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April 2016 | Vol. 13 Iss. 04

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The Brotherhood of Brighton’s Rugby Club By Sarah Almond | sarah@mycityjournals.com

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Brighton’s four captains have been playing rugby together since the 9th grade.

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Page 2 | April 2016

government

Whitmore Library

Cottonwood Heights City Journal

APRIL EVENTS

2197 Fort Union Boulevard, Salt Lake City 84121 – www.slcolibrary.org – (801) 943-4636 Grilled Cheese and Soup Saturday, April 9 at 2:00 p.m. Adults. April is National Grilled Cheese Month, and you will learn a few twists on the classics including Roasted Red Pepper & Tomato Soup! Whitmore Senior Advisory Board Monday, April 11 at 2:00 p.m. Adults. Would you like to help the Whitmore Library improve services for seniors? Join the Senior Advisory Board! Newcomers are always welcome. Teen Anime Club Thursday, April 14 at 6:45 p.m. Teens. Love anime? Love to draw? Come meet new friends, try your hand at our contests, and more. Cosplay is always welcome. No registration required. Lego Club Friday, April 15 at 4:00 p.m. Ages 10 and up. Join us to see what you can create with Legos. We provide the Legos, you provide the creativity! Whitmore Nonfiction Book Club Wednesday, April 20 at 7:00 p.m. Adults. Join us monthly to discuss new and noteworthy nonfiction books. This month’s book is Once Upon a Time in Russia by Ben Mezrich. New members are always welcome. Poetry Kit Crafts Thursday, April 21 at 4:00 p.m. Teens. It’s Poetry Month and we’re making our own magnetic poetry kits. Learn how to turn old magazines and tins into poetic treasures. Great for gifts or for yourself. No registration required. Percy Jackson Scavenger Hunt Saturday, April 23 at 3:00 p.m. Teens. Are you feeling lucky? Love Percy Jackson? Come join us for a fun-filled scavenger quest filled with monsters, mischievous gods, and more. Prizes for those who finish the scavenger quest. No registration required.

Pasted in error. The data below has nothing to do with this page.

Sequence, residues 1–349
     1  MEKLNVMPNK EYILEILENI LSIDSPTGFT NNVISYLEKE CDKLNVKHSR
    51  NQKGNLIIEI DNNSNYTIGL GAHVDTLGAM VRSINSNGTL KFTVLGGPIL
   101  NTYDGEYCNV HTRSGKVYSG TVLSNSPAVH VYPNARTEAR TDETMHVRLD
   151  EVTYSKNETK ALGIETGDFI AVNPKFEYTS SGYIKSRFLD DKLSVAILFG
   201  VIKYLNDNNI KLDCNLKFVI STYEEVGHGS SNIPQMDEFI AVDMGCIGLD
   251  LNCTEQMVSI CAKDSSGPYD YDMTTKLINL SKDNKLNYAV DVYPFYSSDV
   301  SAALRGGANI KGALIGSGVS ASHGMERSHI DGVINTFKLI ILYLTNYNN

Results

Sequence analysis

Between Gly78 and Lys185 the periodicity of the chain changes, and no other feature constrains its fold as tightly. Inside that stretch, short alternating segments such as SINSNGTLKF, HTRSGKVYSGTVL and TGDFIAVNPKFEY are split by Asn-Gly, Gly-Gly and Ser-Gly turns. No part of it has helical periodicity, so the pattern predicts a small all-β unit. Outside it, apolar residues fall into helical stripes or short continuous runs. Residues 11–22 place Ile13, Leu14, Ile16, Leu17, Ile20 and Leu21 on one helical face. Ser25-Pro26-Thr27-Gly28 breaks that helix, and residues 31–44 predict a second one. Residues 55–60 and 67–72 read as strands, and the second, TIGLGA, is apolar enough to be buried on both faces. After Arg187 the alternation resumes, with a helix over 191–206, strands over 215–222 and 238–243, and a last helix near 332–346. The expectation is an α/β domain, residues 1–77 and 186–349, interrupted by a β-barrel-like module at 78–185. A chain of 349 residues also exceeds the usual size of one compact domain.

Great Reads for Girls: Mother/Daughter Book Club Tuesday, April 26 at 7:00 p.m. Ages 6-8 years with caring adult: Join us for lively discussions, activities, friendship and fun! This month’s book is Trouble at Trident Academy by Debbie Dadey. Please register in advance at the library or by calling 801-944-7539. Wednesday, April 27 at 7:00 p.m. Ages 8-12 with caring adult: Join us for lively discussions, activities, friendship and fun! This month’s book is Tail of Emily Windsnap by Liz Kessler. Please register in advance at the library or by calling 801-944-7539. Glow in the Dark Party for Teens Thursday, April 28 at 6:30 p.m. Teens. Glow-in-the-dark bowling, science experiments, games, activities, and more. This is one Glow-in-the-Dark Party you won’t want to miss. No registration required. Wear colors that are light if you want to glow. Ongoing Programs with No Registration Move Storytime Mondays at 10:30 a.m. (April 4, 11, 18 and 25) All ages: Join us for a movin’ and groovin’ storytime of active movement with a storybreak! Zumba Kids Tuesdays at 4:30 p.m. (April 5, 12, 19, and 26) All ages: Everyone is welcome to Zumba fitness classes designed especially for kids! Storyime for Everyone Wednesdays at 10:30 a.m. (April 6, 13, 20 and 27) All ages: It’s a drop-in storytime for all ages! Join us for stories and FUN!


April 2016 | Page 3

C ottonwood H eightsJournal .com

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LOCAL LIFE

Page 4 | April 2016

Cottonwood Heights City Journal

Efforts to Create an Off-Leash Dog Park in Cottonwood Heights By Cassandra Goff | cassie@mycityjournals.com